Between 800 and 1,500 businesses around the world have been affected by a ransomware attack centered on U.S. information technology firm Kaseya, its chief executive said on Monday.
Fred Voccola, the Florida-based company's CEO, said in an interview that it was hard to estimate the precise impact of Friday's attack because those hit were mainly customers of Kaseya's customers.
Kaseya is a company which provides software tools to IT outsourcing shops: companies that typically handle back-office work for companies too small or modestly resourced to have their own tech departments.
One of those tools was subverted on Friday, allowing the hackers to paralyze hundreds of businesses on all five continents. Although most of those affected have been small concerns - like dentists' offices or accountants - the disruption has been felt more keenly in Sweden, where hundreds of supermarkets had to close because their cash registers were inoperative, or New Zealand, where schools and kindergartens were knocked offline.
The hackers who claimed responsibility for the breach have demanded $70 million to restore all the affected businesses' data, although they have indicated a willingness to temper their demands in private conversations with a cybersecurity expert and with Reuters.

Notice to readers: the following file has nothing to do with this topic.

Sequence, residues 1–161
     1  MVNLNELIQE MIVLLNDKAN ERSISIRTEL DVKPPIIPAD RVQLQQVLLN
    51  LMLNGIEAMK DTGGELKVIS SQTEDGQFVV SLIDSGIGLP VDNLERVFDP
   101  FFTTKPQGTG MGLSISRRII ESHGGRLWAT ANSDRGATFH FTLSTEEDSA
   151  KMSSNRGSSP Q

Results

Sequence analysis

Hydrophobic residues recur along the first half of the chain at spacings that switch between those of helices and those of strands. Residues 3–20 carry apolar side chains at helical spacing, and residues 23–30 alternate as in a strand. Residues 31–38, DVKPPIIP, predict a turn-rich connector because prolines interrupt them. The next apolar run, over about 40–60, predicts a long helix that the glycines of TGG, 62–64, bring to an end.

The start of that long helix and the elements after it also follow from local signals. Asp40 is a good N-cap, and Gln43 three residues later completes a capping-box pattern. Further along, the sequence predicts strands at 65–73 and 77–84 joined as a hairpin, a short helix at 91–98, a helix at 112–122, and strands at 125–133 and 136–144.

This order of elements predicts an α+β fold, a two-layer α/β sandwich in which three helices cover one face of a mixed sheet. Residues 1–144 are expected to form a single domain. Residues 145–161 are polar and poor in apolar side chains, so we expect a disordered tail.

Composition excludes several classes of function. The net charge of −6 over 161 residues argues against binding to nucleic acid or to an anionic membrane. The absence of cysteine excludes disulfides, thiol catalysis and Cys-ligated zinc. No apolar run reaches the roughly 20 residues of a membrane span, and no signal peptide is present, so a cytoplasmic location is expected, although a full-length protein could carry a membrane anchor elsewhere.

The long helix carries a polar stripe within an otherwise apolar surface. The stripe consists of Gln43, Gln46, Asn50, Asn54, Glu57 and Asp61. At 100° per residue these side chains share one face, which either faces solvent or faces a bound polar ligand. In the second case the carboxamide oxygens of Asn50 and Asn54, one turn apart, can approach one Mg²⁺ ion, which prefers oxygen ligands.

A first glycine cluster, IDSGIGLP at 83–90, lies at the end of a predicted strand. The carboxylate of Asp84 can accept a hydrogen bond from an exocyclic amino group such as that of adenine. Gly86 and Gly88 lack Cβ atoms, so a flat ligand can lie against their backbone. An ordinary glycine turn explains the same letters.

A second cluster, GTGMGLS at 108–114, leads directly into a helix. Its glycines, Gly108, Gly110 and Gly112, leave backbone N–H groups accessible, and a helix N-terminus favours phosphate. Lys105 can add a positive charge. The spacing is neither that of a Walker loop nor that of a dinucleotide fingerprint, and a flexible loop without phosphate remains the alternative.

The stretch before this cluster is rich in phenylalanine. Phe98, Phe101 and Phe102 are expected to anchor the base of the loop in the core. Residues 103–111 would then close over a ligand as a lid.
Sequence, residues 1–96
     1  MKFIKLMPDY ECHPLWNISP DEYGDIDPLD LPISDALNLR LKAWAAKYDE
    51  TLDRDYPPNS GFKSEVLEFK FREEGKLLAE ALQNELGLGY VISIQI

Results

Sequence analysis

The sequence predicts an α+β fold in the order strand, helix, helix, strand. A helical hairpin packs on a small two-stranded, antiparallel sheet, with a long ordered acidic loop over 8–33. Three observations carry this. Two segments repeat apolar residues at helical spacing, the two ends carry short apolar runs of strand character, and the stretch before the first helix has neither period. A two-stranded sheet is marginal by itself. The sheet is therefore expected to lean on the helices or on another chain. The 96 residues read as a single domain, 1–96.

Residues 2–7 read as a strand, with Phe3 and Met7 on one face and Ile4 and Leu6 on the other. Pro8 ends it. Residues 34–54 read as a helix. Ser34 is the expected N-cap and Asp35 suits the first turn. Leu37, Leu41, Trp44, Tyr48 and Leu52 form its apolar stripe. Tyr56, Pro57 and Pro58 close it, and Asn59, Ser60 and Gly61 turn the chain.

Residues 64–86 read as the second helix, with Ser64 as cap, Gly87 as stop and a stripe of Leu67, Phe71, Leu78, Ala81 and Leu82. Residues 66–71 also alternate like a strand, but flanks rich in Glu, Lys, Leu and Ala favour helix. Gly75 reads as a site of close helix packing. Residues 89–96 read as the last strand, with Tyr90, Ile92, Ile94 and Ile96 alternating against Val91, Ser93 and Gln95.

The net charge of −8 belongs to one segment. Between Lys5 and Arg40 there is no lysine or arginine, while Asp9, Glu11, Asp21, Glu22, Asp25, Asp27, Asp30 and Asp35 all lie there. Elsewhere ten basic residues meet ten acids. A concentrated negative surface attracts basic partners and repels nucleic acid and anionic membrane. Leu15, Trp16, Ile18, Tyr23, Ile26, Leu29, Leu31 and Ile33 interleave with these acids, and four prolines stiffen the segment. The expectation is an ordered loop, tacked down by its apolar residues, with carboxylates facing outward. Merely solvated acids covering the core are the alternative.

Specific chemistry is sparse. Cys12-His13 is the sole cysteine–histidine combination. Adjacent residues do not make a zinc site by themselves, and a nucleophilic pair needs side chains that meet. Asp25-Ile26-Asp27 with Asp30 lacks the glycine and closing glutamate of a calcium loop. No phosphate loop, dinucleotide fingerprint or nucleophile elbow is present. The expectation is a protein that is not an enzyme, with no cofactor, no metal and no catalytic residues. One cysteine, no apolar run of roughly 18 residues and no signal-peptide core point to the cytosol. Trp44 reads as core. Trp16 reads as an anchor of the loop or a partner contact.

"We are always ready to negotiate," a representative of the hackers told Reuters earlier Monday. The representative, who spoke via a chat interface on the hackers' website, didn't provide their name.
Voccola refused to say whether he was ready to take the hackers up on the offer.
"I can't comment 'yes,' 'no,' or 'maybe'," he said when asked whether his company would talk to or pay the hackers. "No comment on anything to do with negotiating with terrorists in any way."
Voccola said he had spoken to officials at the White House, the Federal Bureau of Investigation, and the Department of Homeland Security about the breach but that - so far - he was not aware of any nationally important business being affected .
"We're not looking at massive critical infrastructure," he said. "That's not our business. We're not running AT&T's network or Verizon's 911 system. Nothing like that."
Because Voccola's firm was in the process of fixing a vulnerability in the software that was exploited by the hackers when the ransomware attack was executed, some information security professionals have speculated that the hackers might've been monitoring his company's communications from the inside.
Voccola said neither he nor the investigators his company had brought in had seen any sign of that.
"We don't believe that they were in our network," he said. He added that the details of the breach would be made public "once its 'safe' and OK to do that."
About a dozen different countries have been affected by the breach, according to research published by cybersecurity firm ESET.
(Except for the headline, this story has not been edited by NDTV staff and is published from a syndicated feed.)